process) and loan substitutions in commitments
are allowed so there is much more flexibility in
• Lock Desk - For a mandatory strategy, a centralized lock desk is a necessary. Some shops let
their loan officers manage the locks. This will not
work with a mandatory strategy. I recommend
implementing a centralized lock desk first while
you still are operating with a best efforts strategy.
This will reduce dramatically the work required of
a lock desk and will pave the way for the transition
to mandatory commitments. When a new lock
comes in at a best efforts shop, the lock desk must
turn around and lock the loan with the investor.
Data changes have to be managed on an individual
loan basis. With a mandatory strategy, this does
not have to be done. In addition, the lock desk
would have to administer any lock changes with
the investor based on the investors lock policies.
With a mandatory strategy, lock policies are determined by the originator. This includes extensions,
relocks, renegotiations and other changes. This
means there can be consistent policy that can be
published for all loans locked by the originator.
In addition, the economics of the lock policy are
managed by the originator and not passed along
to the investor.
• Underwriting – I suggest, although it is not
required, that you create a common underwriting
guideline per product when selling loans mandatory. Best efforts shops lock loans with the investor as soon as they lock a rate with the customer.
It makes sense to underwrite to the investors
guidelines. When selling mandatory, the investor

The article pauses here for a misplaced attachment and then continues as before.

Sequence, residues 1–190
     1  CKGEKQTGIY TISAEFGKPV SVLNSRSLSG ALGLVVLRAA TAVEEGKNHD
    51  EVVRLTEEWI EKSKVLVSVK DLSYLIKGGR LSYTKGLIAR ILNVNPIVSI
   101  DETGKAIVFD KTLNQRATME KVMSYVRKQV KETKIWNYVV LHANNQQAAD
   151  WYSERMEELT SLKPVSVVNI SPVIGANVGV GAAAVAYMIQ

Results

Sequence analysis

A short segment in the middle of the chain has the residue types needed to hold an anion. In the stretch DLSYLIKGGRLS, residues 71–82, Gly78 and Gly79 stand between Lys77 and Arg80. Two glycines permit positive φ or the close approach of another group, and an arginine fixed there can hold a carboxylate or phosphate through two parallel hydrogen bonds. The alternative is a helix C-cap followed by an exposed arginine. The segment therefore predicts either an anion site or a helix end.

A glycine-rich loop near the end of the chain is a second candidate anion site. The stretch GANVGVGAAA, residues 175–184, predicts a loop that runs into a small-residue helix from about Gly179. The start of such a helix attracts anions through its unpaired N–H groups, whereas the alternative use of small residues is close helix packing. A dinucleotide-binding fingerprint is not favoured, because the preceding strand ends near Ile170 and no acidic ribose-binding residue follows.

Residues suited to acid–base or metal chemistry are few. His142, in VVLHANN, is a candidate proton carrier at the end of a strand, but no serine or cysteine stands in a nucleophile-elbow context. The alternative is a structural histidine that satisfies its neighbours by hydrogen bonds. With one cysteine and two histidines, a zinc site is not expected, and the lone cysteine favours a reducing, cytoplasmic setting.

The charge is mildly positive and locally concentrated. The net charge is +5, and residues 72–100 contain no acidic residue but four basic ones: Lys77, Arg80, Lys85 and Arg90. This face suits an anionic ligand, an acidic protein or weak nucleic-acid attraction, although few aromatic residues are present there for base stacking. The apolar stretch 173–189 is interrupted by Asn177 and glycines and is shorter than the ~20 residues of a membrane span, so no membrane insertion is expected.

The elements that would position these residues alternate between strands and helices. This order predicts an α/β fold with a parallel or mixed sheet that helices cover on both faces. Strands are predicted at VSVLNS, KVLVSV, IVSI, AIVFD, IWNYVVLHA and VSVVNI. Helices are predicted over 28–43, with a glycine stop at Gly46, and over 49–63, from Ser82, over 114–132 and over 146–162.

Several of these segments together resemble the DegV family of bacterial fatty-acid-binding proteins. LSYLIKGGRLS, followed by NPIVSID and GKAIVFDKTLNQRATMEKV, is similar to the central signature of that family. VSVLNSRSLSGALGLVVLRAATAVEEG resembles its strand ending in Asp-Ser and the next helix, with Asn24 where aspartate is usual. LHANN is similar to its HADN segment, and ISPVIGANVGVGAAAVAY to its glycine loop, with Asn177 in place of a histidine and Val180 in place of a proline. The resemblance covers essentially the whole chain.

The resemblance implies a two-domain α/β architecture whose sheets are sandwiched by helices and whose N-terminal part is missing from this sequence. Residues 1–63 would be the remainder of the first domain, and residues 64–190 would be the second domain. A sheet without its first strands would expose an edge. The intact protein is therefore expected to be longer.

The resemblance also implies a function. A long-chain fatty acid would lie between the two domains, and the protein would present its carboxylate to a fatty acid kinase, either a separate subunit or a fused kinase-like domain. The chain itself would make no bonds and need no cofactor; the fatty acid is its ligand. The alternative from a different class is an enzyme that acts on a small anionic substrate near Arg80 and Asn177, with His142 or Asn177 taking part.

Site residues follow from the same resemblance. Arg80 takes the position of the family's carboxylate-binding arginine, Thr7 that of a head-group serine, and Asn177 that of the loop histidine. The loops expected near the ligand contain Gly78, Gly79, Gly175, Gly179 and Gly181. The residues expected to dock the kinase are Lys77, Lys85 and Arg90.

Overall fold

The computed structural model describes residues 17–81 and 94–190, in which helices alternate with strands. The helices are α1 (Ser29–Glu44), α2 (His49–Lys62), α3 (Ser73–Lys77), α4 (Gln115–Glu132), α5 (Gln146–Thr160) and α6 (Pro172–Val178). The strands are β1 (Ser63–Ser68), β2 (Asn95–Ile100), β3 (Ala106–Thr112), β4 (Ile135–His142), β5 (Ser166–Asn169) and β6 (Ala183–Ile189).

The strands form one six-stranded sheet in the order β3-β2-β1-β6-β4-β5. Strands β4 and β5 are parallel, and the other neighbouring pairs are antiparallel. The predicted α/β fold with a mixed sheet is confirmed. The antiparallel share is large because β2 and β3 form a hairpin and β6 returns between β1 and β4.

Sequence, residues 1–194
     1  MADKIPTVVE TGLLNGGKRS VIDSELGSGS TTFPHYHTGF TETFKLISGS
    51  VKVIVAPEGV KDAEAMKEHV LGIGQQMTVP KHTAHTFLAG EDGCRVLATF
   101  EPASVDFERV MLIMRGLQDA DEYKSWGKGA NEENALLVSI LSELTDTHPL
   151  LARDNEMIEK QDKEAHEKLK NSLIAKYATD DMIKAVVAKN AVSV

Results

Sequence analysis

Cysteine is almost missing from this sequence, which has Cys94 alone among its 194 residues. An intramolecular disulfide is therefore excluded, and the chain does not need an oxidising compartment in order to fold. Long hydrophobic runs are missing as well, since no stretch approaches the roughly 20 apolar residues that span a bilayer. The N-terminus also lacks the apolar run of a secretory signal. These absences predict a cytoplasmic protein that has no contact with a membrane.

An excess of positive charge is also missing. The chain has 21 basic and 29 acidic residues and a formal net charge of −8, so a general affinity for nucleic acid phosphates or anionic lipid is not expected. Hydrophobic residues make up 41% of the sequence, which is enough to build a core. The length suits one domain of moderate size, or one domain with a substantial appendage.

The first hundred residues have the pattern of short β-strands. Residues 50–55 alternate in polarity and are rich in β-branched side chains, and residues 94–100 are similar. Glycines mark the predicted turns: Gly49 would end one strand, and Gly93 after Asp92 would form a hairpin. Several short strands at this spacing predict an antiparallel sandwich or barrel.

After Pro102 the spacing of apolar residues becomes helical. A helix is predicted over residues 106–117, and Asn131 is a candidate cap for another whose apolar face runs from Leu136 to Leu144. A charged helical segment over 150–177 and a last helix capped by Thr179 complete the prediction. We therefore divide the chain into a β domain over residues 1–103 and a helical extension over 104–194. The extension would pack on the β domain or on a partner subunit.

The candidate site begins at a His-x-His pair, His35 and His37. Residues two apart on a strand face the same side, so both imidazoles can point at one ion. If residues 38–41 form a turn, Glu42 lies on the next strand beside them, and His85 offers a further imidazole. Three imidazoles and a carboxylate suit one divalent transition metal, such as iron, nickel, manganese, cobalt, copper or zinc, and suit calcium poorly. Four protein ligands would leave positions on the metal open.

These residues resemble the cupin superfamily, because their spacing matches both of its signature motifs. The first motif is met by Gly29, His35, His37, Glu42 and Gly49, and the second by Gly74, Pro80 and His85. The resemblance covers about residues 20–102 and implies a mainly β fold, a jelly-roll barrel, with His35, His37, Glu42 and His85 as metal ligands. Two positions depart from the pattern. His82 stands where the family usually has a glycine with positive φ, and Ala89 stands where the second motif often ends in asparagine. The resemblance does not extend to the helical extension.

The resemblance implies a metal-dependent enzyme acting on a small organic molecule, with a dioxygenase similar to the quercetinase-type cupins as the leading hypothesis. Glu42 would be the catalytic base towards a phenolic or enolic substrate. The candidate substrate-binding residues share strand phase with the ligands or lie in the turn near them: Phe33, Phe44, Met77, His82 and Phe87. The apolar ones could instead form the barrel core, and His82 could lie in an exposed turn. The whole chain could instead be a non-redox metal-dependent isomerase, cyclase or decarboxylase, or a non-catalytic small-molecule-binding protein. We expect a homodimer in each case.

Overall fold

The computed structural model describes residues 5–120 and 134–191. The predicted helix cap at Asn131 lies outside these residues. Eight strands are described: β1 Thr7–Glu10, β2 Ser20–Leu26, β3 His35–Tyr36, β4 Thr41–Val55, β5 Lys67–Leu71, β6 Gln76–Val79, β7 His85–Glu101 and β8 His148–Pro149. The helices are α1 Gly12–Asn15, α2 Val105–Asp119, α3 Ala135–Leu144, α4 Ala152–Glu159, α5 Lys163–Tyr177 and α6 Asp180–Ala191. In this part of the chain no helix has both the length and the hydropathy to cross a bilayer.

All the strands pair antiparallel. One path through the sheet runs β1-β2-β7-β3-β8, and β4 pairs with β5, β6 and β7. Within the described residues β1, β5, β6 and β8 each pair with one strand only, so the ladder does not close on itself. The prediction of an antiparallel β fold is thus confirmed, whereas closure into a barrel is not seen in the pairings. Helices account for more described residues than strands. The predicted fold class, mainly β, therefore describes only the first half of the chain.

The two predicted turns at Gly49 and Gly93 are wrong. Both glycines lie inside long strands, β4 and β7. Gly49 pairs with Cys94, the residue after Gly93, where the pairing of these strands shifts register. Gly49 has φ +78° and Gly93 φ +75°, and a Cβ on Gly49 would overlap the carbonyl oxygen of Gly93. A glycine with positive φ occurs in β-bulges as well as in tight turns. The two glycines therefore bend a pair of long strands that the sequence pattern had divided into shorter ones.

is not selected until funding of the loan. Therefore, underwriting to a single guideline gives the
secondary markets group the most flexibility to
sell the loan to the investor with the highest price.
Issues arise when investors have soft overlays that
are different from other investors. In that situation, there should be a mechanism to include or
exclude investors available for the sale of the loan.
• Pricing – Many originators begin a mandatory
strategy for selling loans but continue to use best
efforts pricing for origination. I highly recom-
mended that the originator transition to one pric-
ing strategy per program to match the common
underwriting guidelines. Many loan officers are
used to picking the investor with the best price so
this might require a cultural change within the or-
ganization. And this could take time. If the origi-
nator decides to continue to offer pricing based
on investor best efforts rate sheets, extra care
should be taken to make sure that best efforts
pricing offered can be sold mandatory at a profit.
Sometimes, investors offer a very aggressive best
efforts price for a short period of time. In such
cases, it could be more aggressive than mandatory
pricing. This typically is a short-term phenomenon
and will adjust back to a price that is lower than
mandatory. But any origination occurring during
that time could experience a loss. I would recom-
mend either (1) adjusting origination spreads to
compensate for the difference or (2) locking loans
best efforts at the time the lock is taken from the
• Investor Management – When going from a
best-efforts to a mandatory strategy, it is important to make sure that (1) your current investors
are aware of the new delivery strategy and (2)
they are evaluated to ensure that they are the
best outlets for the new strategy. Many investors
offer incentives on the delivery method used by
the originator. By notifying investors of the change
in strategy, it will ensure that the originator will
make the most profit from the change.
There are a lot of opportunities to improve profitability and efficiency with a mandatory strategy. I have
seen many customers successfully go from best efforts
to mandatory but the work on the above items needs
to be done first. For originators who have volume
over $10 million per month and a net worth over
$3 million that want to get to the next level, this is
a worthwhile endeavor. But as you could see from
the items described above, many operational changes
have to take place to be successful.
Karin Good CFA, is the Senior Vice President of Secondary Operations for Optimal Blue. She can be reached at
SECONDARY MARKET MATTERS